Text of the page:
Call For Applications – 2018 Technology, Law & Society Summer Institute

We are pleased to host a 3-day Technology, Law & Society (TLS) Summer Institute at UC Irvine from June 22-24, 2018. The TLS Summer Institute will examine how changes in technology are revolutionizing the study and practice of law. Convened by Profs. Mona Lynch (Criminology, Law and Society) and Bill Maurer (Anthropology), the Institute will bring together junior scholars whose work addresses new relationships between technology, law and society (broadly defined) along with diverse experts from fields like sociology, criminology, anthropology, law, political science, informatics and computer science, and beyond. Read the full Call for Applications, check the Eligibility Requirements, and access the Submission Link here.

Directors & Fellows blog the “law and computation” series for Platypus, the CASTAC Blog

Platypus, the Committee on the Anthropology of Science, Technology, and Computing Blog, is featuring a seven part series on “law and computation” authored by the Directors and Fellows of the Technology, Law Society Institute. Each post features a discussion of how changes in technology are revolutionizing the study and practice of law. Read the series here.

New “Law In Computation” Post on CASTAC Blog by Evan Conaway

Privacy and Piracy: Investigating Unauthorized Online Gaming

When we play an online game like World of Warcraft, where are we? This is not just a metaphysical question—are we in the fantasy world of Azeroth or in front of our computers—but a legal one as well. And there are multiple answers to that legal question. We might take a look at the space of intellectual property at the level of code and creation, whether corporate or by the players. There is also the space of law within the game, of the rules and norms guiding play (De Zwart and Humphreys 2014). What I’m concerned with here, though, are the servers, located in physical places, that connect players through infrastructures of connection whose worlds are sometimes disconnected by proprietary and computational decisions of game world owners. […] Continue reading, “Privacy and Piracy: Investigating Unauthorized Online Gaming” at the CASTAC Blog.

New “Law In Computation” Post on CASTAC Blog by Tania DoCarmo

The Migrant’s Right to a Digital Identity

According to the World Bank, over 1 billion people live without a formally recognized identity. With funding from the Rockefeller Foundation, Accenture and Microsoft, and motivated by UN Sustainable Development Goal 16.9, to “provide legal identity for all” by 2030, the ID2020 Alliance is a UN sponsored public-private partnership with plans to make “digital identities” more accessible for refugees, stateless and displaced populations through biometrics and blockchain technology. As an executive at Accenture explains: “Digital ID is a basic human right.” […] Continue reading, “The Migrant’s Right to a Digital Identity” at the CASTAC Blog.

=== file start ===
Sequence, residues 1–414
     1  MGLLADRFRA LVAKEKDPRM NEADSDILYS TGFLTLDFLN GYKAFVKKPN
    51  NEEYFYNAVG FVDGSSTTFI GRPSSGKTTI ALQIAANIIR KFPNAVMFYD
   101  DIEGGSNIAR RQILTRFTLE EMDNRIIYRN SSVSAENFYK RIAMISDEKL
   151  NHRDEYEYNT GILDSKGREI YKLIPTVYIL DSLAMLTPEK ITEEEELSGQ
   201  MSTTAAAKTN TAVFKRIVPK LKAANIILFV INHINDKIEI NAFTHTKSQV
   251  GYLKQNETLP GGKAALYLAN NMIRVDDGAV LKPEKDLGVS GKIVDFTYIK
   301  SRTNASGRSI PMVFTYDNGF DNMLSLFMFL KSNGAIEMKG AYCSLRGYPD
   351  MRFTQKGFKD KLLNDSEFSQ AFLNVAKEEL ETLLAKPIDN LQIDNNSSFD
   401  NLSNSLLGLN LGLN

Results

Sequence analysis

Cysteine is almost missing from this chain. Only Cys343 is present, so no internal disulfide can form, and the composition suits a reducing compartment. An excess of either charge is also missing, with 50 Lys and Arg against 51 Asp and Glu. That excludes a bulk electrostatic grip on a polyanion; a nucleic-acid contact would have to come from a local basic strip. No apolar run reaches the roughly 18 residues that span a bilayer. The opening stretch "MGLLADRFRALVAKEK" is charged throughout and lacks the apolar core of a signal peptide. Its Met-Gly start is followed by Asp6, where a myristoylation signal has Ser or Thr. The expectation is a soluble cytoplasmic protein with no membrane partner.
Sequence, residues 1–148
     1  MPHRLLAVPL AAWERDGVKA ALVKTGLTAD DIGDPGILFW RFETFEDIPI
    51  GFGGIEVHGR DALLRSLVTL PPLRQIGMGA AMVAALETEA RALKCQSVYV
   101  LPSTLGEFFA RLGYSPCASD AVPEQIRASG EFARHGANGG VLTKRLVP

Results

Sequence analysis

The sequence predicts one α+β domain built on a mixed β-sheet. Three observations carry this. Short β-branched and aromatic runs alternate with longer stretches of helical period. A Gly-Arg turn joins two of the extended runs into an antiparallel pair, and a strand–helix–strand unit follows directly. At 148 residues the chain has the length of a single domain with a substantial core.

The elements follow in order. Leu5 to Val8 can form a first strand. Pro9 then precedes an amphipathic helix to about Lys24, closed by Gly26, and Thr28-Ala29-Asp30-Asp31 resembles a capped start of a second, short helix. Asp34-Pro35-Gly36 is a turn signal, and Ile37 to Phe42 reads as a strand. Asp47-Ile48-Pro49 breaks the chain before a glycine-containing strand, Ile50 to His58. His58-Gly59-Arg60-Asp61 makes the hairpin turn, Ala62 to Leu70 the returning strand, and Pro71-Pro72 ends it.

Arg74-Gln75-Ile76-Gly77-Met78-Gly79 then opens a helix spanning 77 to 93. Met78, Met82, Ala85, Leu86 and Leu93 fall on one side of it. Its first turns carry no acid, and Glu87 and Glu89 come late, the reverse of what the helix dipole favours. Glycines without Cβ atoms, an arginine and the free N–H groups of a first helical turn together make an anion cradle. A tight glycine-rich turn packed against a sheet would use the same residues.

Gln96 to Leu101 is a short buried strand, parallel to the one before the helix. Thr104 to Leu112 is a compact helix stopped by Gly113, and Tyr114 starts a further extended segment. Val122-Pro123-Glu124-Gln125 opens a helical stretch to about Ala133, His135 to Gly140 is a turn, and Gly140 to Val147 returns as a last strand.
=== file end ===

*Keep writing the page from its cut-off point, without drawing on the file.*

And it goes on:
Introductory “Law In Computation” Post on CASTAC Blog by Dr. Bill Maurer

From Law in Action to Law in Computation: Preparing PhD Students for Technology, Law and Society

In 2015, a robot buying illicit items off the “dark web” was confiscated by the Swiss authorities along with its haul of Ecstasy pills, a Hungarian passport, counterfeit designer clothing, and other items. Dubbed Random Darknet Shopper it was a bot programmed to shop on the dark web using Bitcoin, the pseudo-anonymous cryptocurrency that, at the time of my writing, is experiencing an enormous bubble. Previously assumed to be the domain of criminals or drug dealers, the Bitcoin bubble has made it more mainstream, even on popular television shows like The Daily Show and is being discussed at policy forums worldwide. It increased in value from just over $1000 to over $8000 between February 2017 and February 2018, with a peak at over $19,000 in mid-December 2017. While it was pretty obscure just a few months ago, you probably have a cousin or uncle currently “mining” Bitcoin or trading in similar digital tokens whether you know it or not. […] Continue reading, “From Law in Action to Law in Computation” at the CASTAC Blog.

UC Irvine Launches Technology, Law and Society Institute

Thanks to grant funding from the National Science Foundation Bill Maurer, UCI social sciences dean and anthropology and law professor and Mona Lynch, criminology, law & society professor and co-director of the Center for Law, Society & Culture, are developing the Technology, Law and Society Summer Institute where they’ll train the next generation of scholars who will tackle how changes in technology are revolutionizing the study and practice of law. Read more here.